Towards a dual process epistemology of imagination

Synthese (2):1-22 (2019)
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Abstract

Sometimes we learn through the use of imagination. The epistemology of imagination asks how this is possible. One barrier to progress on this question has been a lack of agreement on how to characterize imagination; for example, is imagination a mental state, ability, character trait, or cognitive process? This paper argues that we should characterize imagination as a cognitive ability, exercises of which are cognitive processes. Following dual process theories of cognition developed in cognitive science, the set of imaginative processes is then divided into two kinds: one that is unconscious, uncontrolled, and effortless, and another that is conscious, controlled, and effortful. This paper outlines the different epistemological strengths and weaknesses of the two kinds of imaginative process, and argues that a dual process model of imagination helpfully resolves or clarifies issues in the epistemology of imagination and the closely related epistemology of thought experiments.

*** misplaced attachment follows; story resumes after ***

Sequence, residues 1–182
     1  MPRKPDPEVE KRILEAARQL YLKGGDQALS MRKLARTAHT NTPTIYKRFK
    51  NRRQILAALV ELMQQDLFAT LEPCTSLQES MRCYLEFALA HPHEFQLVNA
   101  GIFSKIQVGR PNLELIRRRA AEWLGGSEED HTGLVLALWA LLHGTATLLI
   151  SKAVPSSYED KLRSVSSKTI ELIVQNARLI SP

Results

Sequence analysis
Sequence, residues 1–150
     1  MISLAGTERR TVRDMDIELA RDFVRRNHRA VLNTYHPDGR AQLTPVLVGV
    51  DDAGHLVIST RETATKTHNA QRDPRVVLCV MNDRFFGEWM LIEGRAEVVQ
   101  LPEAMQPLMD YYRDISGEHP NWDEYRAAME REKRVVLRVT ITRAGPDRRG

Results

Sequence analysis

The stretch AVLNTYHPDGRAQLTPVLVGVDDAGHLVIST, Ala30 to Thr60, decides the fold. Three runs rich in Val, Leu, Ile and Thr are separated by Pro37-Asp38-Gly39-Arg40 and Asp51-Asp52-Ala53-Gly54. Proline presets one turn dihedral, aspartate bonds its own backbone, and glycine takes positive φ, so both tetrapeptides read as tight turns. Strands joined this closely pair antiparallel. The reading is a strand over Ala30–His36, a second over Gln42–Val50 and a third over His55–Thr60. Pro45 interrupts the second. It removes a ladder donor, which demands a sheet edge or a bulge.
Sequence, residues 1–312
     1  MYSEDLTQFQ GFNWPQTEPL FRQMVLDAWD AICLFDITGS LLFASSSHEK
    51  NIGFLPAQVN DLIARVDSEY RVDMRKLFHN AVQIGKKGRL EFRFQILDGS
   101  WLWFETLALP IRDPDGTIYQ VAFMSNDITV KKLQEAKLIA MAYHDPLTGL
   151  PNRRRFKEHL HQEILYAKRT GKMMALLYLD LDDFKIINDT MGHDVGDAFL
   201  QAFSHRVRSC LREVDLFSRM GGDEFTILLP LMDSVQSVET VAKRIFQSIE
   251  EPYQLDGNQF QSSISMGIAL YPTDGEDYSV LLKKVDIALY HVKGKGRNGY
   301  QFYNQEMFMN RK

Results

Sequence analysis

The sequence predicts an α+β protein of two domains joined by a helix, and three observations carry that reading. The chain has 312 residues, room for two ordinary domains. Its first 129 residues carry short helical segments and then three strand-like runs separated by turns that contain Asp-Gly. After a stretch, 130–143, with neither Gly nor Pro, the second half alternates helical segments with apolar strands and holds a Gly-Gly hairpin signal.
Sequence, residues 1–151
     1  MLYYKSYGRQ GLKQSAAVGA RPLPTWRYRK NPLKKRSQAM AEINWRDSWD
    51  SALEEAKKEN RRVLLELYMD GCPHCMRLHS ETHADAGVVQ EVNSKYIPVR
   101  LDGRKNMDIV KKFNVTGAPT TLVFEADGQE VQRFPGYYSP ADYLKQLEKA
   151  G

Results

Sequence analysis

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Author's Profile

Michael T. Stuart
University of York

Citations of this work

The material theory of induction and the epistemology of thought experiments.Michael T. Stuart - 2020 - Studies in History and Philosophy of Science Part A 83 (C):17-27.
Imagination in Scientific Practice.Steven French - 2020 - European Journal for Philosophy of Science 10 (3):1-19.
How Imagination Informs.Joshua Myers - forthcoming - Philosophical Quarterly.

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References found in this work

Thinking, Fast and Slow.Daniel Kahneman - 2011 - New York: New York: Farrar, Straus and Giroux.

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